Baseball’s Ten Worst Performances by a Reigning Cy Young Award Winner
Ten major leaguers who followed up a dream season earning baseball’s top pitching prize with a nightmarish encore.
The Cy Young Award. It’s the pinnacle of pitching excellence, the high point of one’s career. It doesn’t, however, guarantee you everlasting success. Just ask these ten pitchers who reached the top, earned the prestigious honor and then stumbled, very badly, the next season. Some rebounded. Some did not. Let’s find out who they are.
LaMarr Hoyt, 1984
13-18, 4.47 ERA
The big—too big, the Chicago White Sox often complained—and burly right-hander followed up a breakout 1982 effort consisting of 19 wins with a wowing 24-10 record for the “Ugly” 1983 White Sox that lapped the AL West. Never mind that his 3.66 earned run average was the worst for a Cy Young winner; the fact is, he had all those wins—the last 13 in succession to end the year. He continued on in the postseason, firing a complete-game gem against Baltimore in what would be Chicago’s only ALCS victory.
The follow-up in 1984 started off decently, but Hoyt’s second-half performance was decidedly different from his 13-0 run the year before; from June 26 on, he was 6-12 with a 5.21 ERA. He finished the season leading the majors with 18 losses—a year after ranking first in wins. The White Sox, clearly frustrated, suggested at one point that Hoyt take time off and lose weight; when that wasn’t going to happen, they traded him to San Diego in an offseason deal.
Some erroneously believe that Hoyt’s later drug problems were responsible for his post-Cy dip; it was, in fact, his longstanding difficulty to get in a good night’s sleep that ultimately led to the drugs. It more likely was a combination of the insomnia, the weight, a tired arm and the fact that a 4.47 ERA—let alone a 3.66 mark—doesn’t usually guarantee you a flood of W’s, let alone a Cy.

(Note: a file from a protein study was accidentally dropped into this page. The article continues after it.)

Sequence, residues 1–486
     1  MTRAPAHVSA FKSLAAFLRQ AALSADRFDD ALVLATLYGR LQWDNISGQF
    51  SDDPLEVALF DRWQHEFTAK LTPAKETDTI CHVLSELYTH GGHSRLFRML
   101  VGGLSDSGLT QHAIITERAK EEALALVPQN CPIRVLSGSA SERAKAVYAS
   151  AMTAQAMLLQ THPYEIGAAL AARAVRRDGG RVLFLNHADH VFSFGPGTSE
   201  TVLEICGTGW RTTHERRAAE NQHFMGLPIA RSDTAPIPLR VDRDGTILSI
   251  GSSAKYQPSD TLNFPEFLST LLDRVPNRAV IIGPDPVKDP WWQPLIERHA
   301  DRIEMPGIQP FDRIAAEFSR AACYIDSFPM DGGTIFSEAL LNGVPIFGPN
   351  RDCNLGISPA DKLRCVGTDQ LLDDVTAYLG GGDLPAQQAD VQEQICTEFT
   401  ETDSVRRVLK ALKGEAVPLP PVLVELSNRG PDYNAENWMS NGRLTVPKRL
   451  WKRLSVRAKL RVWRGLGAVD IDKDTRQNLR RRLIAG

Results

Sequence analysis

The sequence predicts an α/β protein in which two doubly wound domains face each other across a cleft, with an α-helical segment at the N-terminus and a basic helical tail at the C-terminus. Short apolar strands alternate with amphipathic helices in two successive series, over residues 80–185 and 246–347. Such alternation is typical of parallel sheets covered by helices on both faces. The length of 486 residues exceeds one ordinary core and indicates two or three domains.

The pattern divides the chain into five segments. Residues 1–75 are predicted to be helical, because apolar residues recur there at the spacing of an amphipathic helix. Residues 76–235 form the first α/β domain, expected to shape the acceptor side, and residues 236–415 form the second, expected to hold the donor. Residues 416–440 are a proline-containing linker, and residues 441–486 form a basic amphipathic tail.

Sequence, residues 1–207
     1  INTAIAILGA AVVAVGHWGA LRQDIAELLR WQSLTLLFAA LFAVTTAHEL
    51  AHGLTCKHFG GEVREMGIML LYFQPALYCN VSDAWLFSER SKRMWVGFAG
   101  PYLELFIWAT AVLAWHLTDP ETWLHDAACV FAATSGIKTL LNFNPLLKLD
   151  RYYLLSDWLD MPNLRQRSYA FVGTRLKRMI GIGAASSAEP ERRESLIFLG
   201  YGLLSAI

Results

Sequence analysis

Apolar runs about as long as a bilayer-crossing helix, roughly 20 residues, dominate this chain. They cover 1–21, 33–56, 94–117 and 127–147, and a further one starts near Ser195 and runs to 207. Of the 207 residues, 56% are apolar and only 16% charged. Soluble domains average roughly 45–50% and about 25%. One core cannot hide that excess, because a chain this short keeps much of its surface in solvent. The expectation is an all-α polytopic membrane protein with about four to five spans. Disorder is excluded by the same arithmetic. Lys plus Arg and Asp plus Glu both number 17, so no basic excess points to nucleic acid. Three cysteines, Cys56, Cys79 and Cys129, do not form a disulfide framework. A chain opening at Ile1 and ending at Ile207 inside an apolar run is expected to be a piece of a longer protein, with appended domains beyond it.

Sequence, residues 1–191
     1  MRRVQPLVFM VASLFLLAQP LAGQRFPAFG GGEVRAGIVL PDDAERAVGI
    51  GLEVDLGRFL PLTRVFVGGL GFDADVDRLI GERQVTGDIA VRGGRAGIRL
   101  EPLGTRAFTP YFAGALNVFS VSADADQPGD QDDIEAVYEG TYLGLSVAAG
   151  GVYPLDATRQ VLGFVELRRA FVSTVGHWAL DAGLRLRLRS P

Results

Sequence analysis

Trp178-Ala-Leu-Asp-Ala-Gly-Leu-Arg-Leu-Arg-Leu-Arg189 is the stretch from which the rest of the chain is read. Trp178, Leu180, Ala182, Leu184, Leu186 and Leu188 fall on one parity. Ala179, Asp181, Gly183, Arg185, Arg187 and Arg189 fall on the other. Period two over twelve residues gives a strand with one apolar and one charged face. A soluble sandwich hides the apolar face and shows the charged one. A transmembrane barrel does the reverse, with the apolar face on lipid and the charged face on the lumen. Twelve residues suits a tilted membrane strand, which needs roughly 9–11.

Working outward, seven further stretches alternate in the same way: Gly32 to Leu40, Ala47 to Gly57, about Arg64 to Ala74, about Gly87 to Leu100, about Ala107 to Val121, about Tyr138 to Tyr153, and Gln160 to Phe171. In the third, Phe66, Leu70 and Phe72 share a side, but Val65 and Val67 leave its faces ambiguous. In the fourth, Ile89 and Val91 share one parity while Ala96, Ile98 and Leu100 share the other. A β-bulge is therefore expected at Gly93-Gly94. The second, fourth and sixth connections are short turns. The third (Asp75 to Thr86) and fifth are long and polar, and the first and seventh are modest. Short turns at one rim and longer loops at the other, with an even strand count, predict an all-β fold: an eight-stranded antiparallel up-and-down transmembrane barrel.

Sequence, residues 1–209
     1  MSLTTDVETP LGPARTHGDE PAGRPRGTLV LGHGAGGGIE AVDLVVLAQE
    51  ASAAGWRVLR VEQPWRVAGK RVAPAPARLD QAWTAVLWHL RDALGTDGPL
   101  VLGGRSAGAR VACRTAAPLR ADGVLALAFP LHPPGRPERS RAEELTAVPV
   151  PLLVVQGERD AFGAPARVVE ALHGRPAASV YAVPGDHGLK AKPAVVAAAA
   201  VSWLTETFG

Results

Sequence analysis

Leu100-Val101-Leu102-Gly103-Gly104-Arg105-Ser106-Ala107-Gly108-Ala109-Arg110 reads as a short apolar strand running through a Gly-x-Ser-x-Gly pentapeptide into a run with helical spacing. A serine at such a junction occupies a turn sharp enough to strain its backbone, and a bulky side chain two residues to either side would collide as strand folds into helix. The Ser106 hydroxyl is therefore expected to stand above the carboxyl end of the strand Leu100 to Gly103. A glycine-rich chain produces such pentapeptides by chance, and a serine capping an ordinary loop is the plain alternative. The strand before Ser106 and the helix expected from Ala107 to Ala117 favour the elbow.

Steve Carlton, 1973
13-20, 3.90 ERA
Lefty’s 1972 Cy Young performance was such a fortuitous circumstance for his Philadelphia Phillies because, without him, they might had ended up worse than the 1962 New York Mets. Consider: Carlton was 27-10 for the Phillies. The Phillies, when he didn’t pitch, were 32-87.
The 1973 season saw a reversal of fortune for the Phillies—and unfortunately, for Carlton, who became the first pitcher to follow up a Cy year with a 20-loss campaign. And that was too bad for the Phillies; a 1972 version of Carlton might have been all the Phillies needed to kick themselves into contention amid a weak NL East that was ultimately conquered by the Mets (82-79). Carlton’s 7-12 record against divisional opponents didn’t help. Nor, probably, did a testy relationship with sportswriters that ultimately led the enigmatic Carlton to refuse taking questions from the media.
Bret Saberhagen, 1986
7-12, 4.15 ERA
The two-time Cy winner had a weird habit of following up one good year with a bad one. This was never more illustrated when the encore to his breakout 1985 campaign—which included a 20-6 record and a 2-0 mark in the World Series for the Kansas City Royals—amounted to a bit of a breakdown.